Bird feeders are the perfect hobby for a mixture of relaxation and bewilderment. The birds you can see and spot will provide you with endless amounts of entertainment, and the project of building one for yourself could prove to be quite a challenge.
If you’re looking for the world’s largest bird feeder, then look no further than Sulpher Springs, West Virginia. Retired schoolteacher William “Dan” Greene, and Christopher Ide, built this monstrous bird nourishment station to beat the previous world record holder in England that carried about 230 pounds of seed. Greene and Ide’s feeder measures a whopping 6 feet tall and, when full, weighs in at about 940 pounds. Inside the feeder are 4X4X4 feet cubes with 8 separate compartments, all with different seeds (black oil sunflower seeds, millet, and mixed fruit and nuts), and get this, 40 feeding portals. You can go check out Greene’s beautiful creation outside his cabin in Keister, West Virginia. In a blog posting on Watching Backyard Birds Newsletter, Greene recounts seeing and identifying “American goldfinch, northern cardinal, downy and red-bellied woodpeckers, black-capped chickadee, mourning dove, Carolina wren, white-breasted nuthatch, northern flicker, blue jay, white-throated sparrow, dark-eyed junco, eastern towhee, tufted titmouse, indigo bunting, and others.”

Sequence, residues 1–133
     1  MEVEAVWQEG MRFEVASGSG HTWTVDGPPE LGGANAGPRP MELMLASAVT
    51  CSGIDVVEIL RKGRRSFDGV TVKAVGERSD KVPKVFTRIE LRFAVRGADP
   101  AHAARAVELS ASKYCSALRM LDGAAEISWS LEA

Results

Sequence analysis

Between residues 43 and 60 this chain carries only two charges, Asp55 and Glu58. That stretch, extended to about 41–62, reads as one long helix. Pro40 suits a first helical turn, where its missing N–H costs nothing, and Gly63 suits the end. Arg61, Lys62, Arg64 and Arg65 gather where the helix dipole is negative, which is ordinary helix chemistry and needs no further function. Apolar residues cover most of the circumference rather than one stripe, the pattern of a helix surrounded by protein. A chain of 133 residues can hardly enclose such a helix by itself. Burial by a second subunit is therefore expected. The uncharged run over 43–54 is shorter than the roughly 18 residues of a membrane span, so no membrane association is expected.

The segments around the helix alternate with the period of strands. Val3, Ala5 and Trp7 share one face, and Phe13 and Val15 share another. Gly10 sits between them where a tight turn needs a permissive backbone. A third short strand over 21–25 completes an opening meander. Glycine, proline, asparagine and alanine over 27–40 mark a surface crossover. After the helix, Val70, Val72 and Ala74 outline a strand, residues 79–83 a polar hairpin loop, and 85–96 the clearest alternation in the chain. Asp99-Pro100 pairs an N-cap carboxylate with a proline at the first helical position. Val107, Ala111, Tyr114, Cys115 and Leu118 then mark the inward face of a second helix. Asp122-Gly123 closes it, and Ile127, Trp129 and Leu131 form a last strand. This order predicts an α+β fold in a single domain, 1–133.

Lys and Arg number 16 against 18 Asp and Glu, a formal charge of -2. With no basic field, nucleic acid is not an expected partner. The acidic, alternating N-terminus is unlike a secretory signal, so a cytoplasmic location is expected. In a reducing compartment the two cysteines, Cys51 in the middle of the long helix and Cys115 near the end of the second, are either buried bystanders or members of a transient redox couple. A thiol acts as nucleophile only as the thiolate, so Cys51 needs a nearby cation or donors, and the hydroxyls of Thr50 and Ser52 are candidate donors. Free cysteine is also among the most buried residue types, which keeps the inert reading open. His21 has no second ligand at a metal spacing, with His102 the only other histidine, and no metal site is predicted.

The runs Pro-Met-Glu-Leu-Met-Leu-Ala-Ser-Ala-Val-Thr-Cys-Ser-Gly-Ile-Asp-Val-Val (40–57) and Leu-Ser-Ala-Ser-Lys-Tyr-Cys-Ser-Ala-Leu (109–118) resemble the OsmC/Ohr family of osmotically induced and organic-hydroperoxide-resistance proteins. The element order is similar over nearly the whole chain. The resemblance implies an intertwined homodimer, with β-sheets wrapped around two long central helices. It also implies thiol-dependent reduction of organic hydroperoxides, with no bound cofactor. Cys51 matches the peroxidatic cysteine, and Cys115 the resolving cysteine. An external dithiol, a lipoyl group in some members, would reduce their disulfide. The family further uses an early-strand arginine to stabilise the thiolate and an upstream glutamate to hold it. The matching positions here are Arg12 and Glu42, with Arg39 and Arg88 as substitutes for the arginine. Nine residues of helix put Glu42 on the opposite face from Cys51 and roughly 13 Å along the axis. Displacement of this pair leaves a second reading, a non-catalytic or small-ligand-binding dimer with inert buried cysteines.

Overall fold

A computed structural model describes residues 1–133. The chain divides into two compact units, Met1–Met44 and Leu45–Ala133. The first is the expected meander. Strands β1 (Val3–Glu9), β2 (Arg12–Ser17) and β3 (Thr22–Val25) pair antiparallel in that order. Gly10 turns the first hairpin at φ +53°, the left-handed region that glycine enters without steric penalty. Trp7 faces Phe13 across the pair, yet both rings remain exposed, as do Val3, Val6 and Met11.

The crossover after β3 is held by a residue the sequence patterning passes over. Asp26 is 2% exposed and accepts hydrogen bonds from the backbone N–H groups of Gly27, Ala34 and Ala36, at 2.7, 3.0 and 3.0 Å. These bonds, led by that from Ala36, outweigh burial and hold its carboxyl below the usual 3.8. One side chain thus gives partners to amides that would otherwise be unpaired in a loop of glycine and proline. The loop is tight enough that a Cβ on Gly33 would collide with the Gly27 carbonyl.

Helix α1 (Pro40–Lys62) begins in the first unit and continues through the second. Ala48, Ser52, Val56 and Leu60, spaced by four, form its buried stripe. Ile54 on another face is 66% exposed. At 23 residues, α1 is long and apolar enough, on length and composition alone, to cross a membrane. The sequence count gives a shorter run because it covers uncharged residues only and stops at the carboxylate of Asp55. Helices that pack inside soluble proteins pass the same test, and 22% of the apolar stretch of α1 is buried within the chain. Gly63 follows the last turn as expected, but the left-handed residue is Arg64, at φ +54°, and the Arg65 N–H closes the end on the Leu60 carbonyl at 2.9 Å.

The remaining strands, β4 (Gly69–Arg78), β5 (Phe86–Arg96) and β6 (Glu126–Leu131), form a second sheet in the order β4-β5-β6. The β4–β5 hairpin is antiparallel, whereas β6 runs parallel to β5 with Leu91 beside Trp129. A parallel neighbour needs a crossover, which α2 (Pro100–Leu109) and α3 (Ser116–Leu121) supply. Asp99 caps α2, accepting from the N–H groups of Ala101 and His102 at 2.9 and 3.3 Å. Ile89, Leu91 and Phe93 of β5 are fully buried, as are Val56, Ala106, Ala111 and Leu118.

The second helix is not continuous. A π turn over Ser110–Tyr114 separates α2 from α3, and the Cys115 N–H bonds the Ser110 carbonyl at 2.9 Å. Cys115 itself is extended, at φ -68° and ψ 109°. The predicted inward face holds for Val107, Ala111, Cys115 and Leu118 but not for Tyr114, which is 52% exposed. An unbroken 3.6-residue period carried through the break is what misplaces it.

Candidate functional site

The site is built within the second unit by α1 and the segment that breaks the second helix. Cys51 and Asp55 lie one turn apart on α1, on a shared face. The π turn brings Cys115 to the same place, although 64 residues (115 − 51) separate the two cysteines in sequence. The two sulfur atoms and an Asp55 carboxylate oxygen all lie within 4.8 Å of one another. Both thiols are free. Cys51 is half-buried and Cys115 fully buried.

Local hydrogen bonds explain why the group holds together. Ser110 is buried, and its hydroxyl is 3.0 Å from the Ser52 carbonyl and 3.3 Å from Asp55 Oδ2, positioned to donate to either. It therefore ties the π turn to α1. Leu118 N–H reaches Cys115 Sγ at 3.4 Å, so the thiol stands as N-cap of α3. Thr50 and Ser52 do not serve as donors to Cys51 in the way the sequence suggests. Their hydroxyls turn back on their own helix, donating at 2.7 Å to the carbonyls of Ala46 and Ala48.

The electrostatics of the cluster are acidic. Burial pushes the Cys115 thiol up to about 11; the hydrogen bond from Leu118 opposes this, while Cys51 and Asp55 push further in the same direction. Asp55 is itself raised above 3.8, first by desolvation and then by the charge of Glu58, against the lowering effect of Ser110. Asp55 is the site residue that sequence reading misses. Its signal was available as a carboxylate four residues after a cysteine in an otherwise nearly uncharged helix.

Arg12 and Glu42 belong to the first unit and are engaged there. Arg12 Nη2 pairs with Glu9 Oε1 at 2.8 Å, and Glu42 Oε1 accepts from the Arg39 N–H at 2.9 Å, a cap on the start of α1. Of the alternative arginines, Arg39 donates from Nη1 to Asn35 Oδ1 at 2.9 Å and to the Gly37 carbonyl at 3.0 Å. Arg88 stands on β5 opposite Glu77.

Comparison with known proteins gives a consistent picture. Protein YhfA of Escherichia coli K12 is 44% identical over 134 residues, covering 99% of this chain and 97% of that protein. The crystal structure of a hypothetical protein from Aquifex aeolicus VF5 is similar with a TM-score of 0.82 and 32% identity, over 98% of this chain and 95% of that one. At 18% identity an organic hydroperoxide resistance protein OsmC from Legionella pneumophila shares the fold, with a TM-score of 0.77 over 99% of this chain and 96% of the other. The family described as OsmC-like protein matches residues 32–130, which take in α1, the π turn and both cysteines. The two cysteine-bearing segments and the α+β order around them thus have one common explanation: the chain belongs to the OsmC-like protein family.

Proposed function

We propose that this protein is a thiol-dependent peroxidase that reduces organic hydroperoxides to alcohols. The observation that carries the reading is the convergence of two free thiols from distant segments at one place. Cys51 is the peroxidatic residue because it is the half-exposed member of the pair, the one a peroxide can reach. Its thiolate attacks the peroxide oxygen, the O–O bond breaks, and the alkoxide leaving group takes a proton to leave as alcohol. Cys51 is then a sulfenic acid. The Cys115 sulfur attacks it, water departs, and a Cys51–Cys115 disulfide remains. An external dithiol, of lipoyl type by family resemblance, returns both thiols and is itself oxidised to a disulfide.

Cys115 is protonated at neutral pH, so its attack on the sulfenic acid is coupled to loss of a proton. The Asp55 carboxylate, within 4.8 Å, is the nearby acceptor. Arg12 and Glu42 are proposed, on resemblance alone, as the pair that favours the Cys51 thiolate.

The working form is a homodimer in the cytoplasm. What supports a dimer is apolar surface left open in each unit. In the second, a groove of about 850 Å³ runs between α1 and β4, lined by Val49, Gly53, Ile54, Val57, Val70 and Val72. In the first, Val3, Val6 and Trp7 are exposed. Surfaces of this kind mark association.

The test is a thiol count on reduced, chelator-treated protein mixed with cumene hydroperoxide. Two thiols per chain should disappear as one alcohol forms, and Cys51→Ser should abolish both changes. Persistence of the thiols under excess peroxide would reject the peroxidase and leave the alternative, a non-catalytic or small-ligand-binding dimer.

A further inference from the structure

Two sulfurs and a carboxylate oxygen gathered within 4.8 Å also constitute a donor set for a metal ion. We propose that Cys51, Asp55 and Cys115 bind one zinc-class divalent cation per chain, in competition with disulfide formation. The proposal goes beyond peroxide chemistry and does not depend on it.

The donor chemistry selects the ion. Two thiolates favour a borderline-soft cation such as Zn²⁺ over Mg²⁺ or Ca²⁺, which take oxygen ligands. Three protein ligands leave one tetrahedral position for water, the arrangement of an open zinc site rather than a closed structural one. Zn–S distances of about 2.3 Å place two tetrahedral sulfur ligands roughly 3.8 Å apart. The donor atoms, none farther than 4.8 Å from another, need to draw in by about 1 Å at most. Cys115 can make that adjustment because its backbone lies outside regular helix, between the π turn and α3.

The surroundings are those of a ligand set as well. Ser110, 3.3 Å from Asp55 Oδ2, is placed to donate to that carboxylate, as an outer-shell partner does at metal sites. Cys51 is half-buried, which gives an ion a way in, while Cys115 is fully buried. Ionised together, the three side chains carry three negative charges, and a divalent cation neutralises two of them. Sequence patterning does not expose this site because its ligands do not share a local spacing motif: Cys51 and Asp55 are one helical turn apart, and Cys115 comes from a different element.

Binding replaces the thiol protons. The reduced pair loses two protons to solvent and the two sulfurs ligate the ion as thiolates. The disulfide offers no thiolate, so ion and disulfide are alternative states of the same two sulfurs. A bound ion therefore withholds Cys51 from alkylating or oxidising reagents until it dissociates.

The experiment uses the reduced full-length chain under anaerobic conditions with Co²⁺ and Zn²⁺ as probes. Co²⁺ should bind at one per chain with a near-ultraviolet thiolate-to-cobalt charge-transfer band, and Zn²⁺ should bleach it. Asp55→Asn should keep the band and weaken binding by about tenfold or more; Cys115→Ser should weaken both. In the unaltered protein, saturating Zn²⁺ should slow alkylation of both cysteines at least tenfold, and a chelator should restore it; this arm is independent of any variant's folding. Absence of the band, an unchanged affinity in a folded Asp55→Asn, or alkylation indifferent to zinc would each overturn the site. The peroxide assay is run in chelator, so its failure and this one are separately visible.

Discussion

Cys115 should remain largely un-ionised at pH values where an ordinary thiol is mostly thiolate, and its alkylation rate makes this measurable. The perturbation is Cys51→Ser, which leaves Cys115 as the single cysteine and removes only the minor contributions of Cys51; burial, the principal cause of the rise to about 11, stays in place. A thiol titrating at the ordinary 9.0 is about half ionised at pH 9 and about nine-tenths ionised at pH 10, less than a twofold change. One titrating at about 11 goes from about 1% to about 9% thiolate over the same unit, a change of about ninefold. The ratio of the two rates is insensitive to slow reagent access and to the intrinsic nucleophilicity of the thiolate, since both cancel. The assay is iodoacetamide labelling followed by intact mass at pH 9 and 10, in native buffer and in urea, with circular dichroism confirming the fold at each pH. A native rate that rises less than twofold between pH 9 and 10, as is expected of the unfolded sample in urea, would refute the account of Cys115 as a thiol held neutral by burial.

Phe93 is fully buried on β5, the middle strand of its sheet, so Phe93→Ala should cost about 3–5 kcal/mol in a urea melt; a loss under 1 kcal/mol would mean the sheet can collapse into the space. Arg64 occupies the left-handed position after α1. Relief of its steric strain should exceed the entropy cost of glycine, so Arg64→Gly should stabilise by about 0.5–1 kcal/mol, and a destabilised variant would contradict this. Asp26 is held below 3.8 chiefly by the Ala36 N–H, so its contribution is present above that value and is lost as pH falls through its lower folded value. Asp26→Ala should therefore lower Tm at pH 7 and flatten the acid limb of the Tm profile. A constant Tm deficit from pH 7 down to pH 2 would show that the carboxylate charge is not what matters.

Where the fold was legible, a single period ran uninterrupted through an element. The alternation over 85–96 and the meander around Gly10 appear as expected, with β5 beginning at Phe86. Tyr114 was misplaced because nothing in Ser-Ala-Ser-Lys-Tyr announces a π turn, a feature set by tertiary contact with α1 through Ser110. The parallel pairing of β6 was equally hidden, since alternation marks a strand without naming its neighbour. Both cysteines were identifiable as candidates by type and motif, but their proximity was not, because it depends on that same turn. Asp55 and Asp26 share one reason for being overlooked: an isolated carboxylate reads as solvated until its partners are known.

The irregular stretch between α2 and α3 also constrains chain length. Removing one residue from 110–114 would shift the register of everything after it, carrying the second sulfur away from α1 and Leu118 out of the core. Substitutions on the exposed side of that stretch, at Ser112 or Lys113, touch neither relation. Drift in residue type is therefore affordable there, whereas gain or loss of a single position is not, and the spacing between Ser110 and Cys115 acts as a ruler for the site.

If log cabin birdfeeders are more your style and you aren’t exactly looking to push it to the extremes, there are plenty of other cool and unique log cabin bird feeders out there. North States Village Collection offers neat, well-done, affordable, log cabin bird feeders for the average birder. Also, checking out Etsy is never a bad idea, as many people craft and sell some of their works of architectural art. Some come complete with rock chimneys or front as general stores. Some have corn silos around the side or fancy rope ladders for birds to perch on and snack.
If nothing sparks your interest on Etsy, then head on over to Pinterest, and check out some of the intriguing creations people have constructed. Like how username LumberJocks created a 4×6 foot log cabin complete with a wrap-around porch.